You can have this framework in your mind, but I’ve seen many candidates, they just talk about the framework and they often fail to connect that framework to the specific question at hand. Let’s say you’re talking about a particular solution and you’re asked, what are the metrics for that particular solution. Use that framework as the guardrails, but then connect it specifically to your solution. Let’s say the engagement metrics for self-driving car would be very different from the engagement metrics for work from home suite of product. You always need to connect it back to the specific solution you’re talking about.
Then we come to the leadership aspect. Often these questions come up, if you are applying for a senior enough role. One thing to always keep in mind is more and more we are trying to build responsible products. Responsible product means not just understanding the business metrics and the needs of the immediate user but to think about how does the product impact the community overall? What’s the true impact on the world? Is it positive? Is it negative? Have a sense or start developing a sense of all that.
And then one thing that I often look for in candidates is, are they shy from making bold decisions? certain I bring up certain scenarios where the right answer is actually to shut down the product or shut down a certain aspect of the product. And I see if candidates are bold enough to take that unpopular, but often needed decision. Those are the leadership aspects.
Alright. Hopefully all those pointers help you in preparing for the PM interview. The key thing to do once you have grasp all that is to practice looking at the everyday products around you. I mentioned a few. Think how would you as a PM improve it?
It may not be just technology solutions. Think of how would you improve your microwave, or how would you improve a standup desk or what have you. Look at the products around you every day and go through the process of thinking as a PM, how would I improve this? This automatically puts your brain to start thinking in that structured aspect that we talked about.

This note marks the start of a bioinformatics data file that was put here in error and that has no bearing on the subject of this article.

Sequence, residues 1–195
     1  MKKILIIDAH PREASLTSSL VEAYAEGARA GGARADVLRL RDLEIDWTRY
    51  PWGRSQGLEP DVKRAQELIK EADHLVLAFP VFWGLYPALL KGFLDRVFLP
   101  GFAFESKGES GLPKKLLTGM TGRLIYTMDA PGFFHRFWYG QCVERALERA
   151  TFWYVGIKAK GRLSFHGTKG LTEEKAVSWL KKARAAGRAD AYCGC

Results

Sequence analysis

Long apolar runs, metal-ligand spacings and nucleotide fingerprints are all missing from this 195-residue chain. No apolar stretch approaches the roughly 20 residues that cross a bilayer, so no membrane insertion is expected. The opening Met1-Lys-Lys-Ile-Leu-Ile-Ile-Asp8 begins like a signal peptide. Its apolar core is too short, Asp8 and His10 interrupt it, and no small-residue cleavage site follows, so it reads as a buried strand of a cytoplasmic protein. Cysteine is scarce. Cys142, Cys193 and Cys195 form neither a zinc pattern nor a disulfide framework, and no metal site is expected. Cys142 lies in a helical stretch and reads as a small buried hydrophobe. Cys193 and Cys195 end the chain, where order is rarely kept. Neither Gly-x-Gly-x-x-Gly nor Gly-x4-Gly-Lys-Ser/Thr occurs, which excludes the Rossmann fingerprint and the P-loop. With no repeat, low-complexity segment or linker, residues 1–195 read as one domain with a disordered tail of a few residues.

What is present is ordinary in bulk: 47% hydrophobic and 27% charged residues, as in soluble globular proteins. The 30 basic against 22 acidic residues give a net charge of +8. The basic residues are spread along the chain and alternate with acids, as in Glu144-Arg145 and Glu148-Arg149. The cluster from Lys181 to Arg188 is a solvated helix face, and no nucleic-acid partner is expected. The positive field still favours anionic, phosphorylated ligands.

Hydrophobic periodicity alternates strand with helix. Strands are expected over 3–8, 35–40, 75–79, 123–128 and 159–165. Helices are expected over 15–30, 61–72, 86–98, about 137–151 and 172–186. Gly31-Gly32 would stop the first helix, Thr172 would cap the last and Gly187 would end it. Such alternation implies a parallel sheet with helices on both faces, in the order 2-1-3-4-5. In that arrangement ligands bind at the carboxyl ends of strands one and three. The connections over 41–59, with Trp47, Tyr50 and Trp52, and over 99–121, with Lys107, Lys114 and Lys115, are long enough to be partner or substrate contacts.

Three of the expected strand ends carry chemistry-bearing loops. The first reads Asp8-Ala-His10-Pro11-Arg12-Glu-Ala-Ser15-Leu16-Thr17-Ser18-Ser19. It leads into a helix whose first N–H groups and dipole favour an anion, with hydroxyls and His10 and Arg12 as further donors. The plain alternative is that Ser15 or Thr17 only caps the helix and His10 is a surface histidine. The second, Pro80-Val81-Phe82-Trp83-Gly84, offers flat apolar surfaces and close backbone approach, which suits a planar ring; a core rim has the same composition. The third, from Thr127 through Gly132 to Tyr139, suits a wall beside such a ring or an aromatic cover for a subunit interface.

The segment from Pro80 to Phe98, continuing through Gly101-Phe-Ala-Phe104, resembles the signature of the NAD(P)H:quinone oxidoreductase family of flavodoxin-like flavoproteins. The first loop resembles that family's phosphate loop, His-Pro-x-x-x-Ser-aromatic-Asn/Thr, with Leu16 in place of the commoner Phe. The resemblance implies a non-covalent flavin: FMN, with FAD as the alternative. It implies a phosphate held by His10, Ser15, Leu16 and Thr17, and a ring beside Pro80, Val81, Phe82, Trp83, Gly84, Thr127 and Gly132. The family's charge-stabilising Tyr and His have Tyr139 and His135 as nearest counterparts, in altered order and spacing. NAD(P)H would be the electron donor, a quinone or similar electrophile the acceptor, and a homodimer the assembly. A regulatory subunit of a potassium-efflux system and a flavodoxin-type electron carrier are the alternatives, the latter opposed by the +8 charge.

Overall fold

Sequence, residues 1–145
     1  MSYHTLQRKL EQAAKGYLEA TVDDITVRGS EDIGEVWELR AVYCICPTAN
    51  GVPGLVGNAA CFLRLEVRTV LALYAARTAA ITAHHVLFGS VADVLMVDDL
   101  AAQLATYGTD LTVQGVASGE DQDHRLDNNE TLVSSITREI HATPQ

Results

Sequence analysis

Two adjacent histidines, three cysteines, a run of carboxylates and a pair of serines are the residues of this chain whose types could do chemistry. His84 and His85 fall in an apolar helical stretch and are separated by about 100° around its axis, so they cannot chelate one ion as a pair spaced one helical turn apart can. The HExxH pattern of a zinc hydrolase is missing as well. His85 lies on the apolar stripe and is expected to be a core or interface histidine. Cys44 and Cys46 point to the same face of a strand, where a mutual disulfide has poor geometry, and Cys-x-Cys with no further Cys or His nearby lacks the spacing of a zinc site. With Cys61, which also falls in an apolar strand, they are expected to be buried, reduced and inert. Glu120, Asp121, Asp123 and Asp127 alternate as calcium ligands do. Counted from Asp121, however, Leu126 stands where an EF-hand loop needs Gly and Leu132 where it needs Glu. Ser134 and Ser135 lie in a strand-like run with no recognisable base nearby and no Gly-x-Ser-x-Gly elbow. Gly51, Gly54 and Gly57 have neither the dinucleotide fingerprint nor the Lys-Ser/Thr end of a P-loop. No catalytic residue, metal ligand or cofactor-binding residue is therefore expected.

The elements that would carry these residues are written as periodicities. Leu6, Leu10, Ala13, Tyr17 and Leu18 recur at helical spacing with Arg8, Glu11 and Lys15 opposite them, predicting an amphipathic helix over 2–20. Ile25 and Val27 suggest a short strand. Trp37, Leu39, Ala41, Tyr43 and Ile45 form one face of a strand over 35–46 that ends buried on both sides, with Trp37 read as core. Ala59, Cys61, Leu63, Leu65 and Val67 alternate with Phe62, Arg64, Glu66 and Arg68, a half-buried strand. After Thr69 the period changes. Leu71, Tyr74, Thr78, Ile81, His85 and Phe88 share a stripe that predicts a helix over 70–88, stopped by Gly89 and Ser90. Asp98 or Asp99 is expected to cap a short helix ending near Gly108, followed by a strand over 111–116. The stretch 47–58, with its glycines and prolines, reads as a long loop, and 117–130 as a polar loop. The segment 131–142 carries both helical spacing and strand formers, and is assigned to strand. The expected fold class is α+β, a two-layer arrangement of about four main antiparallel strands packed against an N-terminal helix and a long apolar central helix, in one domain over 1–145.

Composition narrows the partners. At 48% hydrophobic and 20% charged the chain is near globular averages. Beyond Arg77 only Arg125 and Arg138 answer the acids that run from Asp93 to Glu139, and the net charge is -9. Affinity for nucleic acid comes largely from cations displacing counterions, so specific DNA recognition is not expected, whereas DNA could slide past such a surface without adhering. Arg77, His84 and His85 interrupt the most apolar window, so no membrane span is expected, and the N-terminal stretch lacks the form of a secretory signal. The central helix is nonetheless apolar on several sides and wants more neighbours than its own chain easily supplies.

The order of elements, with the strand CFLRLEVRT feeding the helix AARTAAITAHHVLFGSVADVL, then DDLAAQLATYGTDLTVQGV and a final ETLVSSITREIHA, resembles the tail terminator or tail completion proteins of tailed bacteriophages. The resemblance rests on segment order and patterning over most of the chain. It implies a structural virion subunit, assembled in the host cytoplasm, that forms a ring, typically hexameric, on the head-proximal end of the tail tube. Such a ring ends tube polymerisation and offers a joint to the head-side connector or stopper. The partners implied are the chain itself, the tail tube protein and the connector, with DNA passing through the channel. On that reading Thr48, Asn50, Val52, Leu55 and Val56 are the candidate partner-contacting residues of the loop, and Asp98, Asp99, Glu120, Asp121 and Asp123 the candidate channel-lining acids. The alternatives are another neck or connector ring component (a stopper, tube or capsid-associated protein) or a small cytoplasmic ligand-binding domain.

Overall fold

The second one is to look at emerging technologies and how could it significantly improve lives. What would cryptocurrencies have an impact on the world, or self-driving cars? How would they impact the world? 5g, how does that improve humanity overall? Keep thinking through all that, as you practice for your interview, practice in front of a mirror, or record yourself. Because you need to be comfortable with your own voice. How do you modulate it? Where do you pause? You need to be really comfortable. Put that practice in.
And finally, do several rounds of mock interviews. Call up a few friends tell them, “Hey, interview me. Talk to me, ask me questions about products,” et cetera. Mock interviews do not mean, let’s get on the phone and chat about a few questions. No, actually do the role play. Through the process of a proper interview, do a 45 minutes interview and 15 minutes of debriefing of what you did well, what could be improved, et cetera.
This could be a key differentiator. Absolutely. I cannot recommend mock interviews enough. Do it. And then when you feel that you have practiced and you are ready, go out and practice them more. This is the opportunity before the interview to keep practicing and be perfect and have most of those things covered. Again, don’t be too rigid. Because in the interview your thoughts and your ideas and how you think on your feet, those things should shine. Many times I’ve seen candidates come in very rigid with a particular framework in their mind.
And if you throw in certain counter questions, it throws them for a task. Know all of that, but again, bring your whole self to the interview and you would do good. There’s no substitute for practicing, there’s no shortcut.
Hopefully you find all these high-level pointers useful. We can engage more deeply through product school. I’m trying to see what courses we can set up so that we can take you deeper into this area. Meanwhile, if you want to reach out feel free to do so on Twitter at @PMtogo and I’ll try to engage with you and help you out in your PM interviews.